[Fwd: Honduras Disaster Relief]

Michael Herman mherman at mcs.net
Sat Dec 12 14:49:34 PST 1998

this arrived the other day.  seemed to fit with the previous messages.

A Christmas Story
It's just a small, white envelope stuck among the branches of our
tree.  No name, no identification, no inscription.  It has peeked
the branches of our tree for the past 10 years or so.
It all began because my husband Mike hated Christmas---oh, not the true
meaning of Christmas, but the commercial aspects of it-overspending...
frantic running around at the last minute to get a tie for Uncle Harry
the dusting powder for Grandma---the gifts given in desperation because
couldn't think of anything else.
Knowing he felt this way, I decided one year to bypass the usual shirts,

sweaters, ties and so forth.  I reached for something special just for
The inspiration came in an unusual way.
Our son Kevin, who was 12 that year, was wrestling at the junior level
the school he attended; and shortly before Christmas, there was a
match  against a team sponsored by an inner-city church, mostly black.
 These youngsters, dressed in sneakers so ragged that shoestrings seemed
be the only thing holding them together,  presented a sharp contrast to
boys in their spiffy blue and gold uniforms and sparkling new wrestling
shoes.  As the match began, I was alarmed to see that the other team was

wrestling without headgear, a kind of light helmet designed to protect a

wrestler's ears. It was a luxury the ragtag team obviously could not
 Well, we ended up walloping them.  We took every weight class.  And as
of their boys got up from the mat, he swaggered around in his tatters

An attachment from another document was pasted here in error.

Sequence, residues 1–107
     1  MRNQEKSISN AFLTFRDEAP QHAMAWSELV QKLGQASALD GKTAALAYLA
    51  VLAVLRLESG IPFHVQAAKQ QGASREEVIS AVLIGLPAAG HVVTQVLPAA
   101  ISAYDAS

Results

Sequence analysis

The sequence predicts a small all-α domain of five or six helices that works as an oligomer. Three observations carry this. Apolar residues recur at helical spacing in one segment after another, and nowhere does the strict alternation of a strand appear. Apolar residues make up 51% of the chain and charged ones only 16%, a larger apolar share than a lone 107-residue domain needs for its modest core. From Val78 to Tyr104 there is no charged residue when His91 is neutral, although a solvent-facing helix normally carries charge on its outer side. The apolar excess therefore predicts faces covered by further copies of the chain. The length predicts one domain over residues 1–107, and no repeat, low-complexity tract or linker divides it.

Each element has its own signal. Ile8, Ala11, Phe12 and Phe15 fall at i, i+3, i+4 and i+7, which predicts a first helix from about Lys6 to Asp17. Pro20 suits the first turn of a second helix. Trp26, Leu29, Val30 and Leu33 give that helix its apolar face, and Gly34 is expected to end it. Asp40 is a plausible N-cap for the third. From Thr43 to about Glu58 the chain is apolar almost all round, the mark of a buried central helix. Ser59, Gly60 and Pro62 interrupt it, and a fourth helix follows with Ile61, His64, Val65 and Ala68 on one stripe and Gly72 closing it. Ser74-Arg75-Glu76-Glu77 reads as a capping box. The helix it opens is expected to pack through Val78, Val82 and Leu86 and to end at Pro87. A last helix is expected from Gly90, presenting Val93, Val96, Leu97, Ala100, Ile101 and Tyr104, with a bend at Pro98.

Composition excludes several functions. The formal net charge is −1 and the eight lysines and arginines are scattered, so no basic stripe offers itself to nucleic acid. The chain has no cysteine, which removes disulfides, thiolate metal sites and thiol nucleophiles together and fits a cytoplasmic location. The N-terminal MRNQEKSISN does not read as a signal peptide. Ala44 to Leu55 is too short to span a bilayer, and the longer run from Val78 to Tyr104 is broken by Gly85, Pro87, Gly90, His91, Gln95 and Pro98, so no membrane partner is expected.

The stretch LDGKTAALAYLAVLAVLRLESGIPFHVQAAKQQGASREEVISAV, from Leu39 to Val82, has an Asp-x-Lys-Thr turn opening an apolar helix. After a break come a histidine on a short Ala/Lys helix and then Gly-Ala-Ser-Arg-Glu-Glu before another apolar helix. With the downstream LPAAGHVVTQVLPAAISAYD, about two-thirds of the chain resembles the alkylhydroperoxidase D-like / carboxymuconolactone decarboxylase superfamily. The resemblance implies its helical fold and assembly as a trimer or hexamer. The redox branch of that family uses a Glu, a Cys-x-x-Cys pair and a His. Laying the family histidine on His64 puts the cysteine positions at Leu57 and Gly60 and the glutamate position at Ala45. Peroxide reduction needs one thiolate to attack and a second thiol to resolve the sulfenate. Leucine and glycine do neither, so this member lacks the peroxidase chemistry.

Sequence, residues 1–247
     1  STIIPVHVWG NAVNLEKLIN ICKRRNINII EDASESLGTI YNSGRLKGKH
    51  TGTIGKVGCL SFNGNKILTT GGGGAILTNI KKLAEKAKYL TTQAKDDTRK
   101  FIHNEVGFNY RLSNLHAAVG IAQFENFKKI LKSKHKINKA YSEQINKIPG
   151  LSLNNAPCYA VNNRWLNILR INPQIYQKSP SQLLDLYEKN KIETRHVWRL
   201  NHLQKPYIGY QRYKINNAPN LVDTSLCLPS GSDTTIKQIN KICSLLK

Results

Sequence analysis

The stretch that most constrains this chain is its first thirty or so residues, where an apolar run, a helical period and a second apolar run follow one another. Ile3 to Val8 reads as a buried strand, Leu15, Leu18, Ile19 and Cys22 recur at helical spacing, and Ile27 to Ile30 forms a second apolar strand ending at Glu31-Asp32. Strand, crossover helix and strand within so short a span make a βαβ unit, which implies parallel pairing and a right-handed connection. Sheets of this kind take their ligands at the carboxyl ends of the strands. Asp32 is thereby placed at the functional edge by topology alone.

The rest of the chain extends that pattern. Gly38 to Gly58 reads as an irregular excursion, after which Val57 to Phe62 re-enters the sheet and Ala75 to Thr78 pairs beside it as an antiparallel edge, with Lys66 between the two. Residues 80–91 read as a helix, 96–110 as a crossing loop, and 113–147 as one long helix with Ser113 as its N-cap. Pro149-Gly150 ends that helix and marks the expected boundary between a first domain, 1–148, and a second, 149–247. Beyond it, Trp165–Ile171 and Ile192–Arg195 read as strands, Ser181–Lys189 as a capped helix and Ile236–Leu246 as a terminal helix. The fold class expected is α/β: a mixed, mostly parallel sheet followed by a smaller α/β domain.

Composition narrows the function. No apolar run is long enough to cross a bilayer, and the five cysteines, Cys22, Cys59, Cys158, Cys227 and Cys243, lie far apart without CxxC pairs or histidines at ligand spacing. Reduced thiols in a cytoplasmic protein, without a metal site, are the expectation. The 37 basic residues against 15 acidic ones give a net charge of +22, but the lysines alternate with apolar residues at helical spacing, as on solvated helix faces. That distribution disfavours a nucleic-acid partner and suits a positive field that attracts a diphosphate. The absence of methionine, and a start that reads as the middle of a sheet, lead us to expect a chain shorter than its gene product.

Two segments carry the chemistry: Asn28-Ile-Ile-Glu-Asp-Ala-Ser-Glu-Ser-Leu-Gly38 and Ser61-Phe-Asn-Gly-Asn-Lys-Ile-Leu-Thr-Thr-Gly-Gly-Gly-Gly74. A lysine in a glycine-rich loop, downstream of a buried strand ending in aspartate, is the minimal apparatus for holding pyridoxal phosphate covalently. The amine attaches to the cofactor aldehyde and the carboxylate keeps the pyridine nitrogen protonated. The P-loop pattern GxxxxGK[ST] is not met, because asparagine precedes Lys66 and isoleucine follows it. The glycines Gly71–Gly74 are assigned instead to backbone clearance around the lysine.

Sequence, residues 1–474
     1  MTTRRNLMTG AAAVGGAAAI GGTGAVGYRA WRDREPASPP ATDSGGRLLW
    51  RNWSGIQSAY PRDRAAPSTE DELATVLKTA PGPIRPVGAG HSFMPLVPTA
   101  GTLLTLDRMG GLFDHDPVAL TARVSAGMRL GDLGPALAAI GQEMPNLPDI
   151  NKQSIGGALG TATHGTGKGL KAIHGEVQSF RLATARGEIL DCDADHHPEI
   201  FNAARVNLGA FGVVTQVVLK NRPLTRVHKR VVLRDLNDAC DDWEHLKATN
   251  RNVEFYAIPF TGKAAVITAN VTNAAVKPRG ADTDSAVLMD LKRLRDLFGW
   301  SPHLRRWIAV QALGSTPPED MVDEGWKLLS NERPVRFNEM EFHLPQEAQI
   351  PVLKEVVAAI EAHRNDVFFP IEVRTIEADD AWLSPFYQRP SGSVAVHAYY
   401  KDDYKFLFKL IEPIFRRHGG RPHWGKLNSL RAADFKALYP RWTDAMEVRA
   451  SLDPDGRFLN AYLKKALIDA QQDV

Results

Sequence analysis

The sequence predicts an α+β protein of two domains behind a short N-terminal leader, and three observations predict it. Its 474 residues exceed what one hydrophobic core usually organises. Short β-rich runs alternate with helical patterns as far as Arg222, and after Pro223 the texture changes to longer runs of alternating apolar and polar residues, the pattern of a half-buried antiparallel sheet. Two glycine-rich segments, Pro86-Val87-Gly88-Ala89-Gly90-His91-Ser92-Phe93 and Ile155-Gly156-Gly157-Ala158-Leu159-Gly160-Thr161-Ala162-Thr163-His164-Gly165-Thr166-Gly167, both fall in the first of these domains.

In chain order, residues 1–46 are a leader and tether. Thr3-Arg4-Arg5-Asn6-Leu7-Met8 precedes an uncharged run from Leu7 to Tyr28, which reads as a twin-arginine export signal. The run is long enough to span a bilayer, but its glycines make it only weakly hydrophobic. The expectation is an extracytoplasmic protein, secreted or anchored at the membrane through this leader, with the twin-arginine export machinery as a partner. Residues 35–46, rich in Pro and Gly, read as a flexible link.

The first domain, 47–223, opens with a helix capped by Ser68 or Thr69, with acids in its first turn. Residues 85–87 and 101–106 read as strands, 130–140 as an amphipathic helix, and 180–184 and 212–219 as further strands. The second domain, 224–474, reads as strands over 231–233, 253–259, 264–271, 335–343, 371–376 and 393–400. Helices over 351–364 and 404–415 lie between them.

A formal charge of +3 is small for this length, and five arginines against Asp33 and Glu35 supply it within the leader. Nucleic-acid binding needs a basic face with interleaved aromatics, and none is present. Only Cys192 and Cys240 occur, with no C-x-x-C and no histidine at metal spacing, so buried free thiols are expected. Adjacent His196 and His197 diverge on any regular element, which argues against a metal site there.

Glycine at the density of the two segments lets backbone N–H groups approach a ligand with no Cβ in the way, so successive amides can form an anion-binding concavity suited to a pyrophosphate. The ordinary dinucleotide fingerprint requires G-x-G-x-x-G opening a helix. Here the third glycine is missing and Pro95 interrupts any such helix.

false bravado, a kind of street pride that couldn't acknowledge defeat.
Mike, seated beside me, shook his head sadly, "I wish just one of them
have won," he said. "They have  a lot of potential, but losing like this

could take the heart right out of  them."
Mike loved kids-all kids-and he knew them, having coached little
league football, baseball and lacrosse.  That's when the idea for his
present came.  That afternoon, I went to a local sporting goods store
bought an assortment of wrestling headgear and shoes and sent them
anonymously to the inner-city church.  On
Christmas Eve, I placed the envelope on the tree, the note inside
Mike what I had done and that this was his gift from me.  His smile was
brightest thing about Christmas that year and in succeeding years.  For
Christmas, I followed the tradition---one year sending a group of
handicapped youngsters to a
hockey game, another year a check to a pair of elderly brothers whose
had  burned to the ground the week before Christmas, and on and on.

The envelope became the highlight of our Christmas.  It was always the
thing opened on Christmas morning and our children, ignoring  their new
toys, would stand with wide-eyed anticipation as their dad lifted the
envelope from the tree to reveal its contents.
As the children grew, the toys gave way to more practical presents, but
envelope never lost its allure.  The story doesn't end there. You see,
lost Mike last year due to dreaded cancer.  When Christmas rolled
around, I
was still so wrapped in grief that I barely got the  tree up.  But
Eve found me placing an
envelope on the tree, and in the morning, it was joined by three more.
Each of our children, unbeknownst to the others, had placed an envelope
the tree for their dad.  The tradition has grown and someday will expand

even further with our grandchildren standing around the tree with
anticipation watching as their fathers take down the envelope. Mike's
spirit, like the Christmas spirit, will always be with us.
May we all remember Christ, who is the reason for the season, and the
Christmas spirit this year and always.  God bless---pass this along to
friends and loved ones.

Michael Herman
Manager, Mediator, Educator, Writer

Michael Herman Associates
300 West North Avenue #1105
Chicago IL 60610
312-280-7838 voice
312-280-7837 fax
mherman at mcs.net

Visit <http://www.mcs.net/~mherman/> for the Global Chicago
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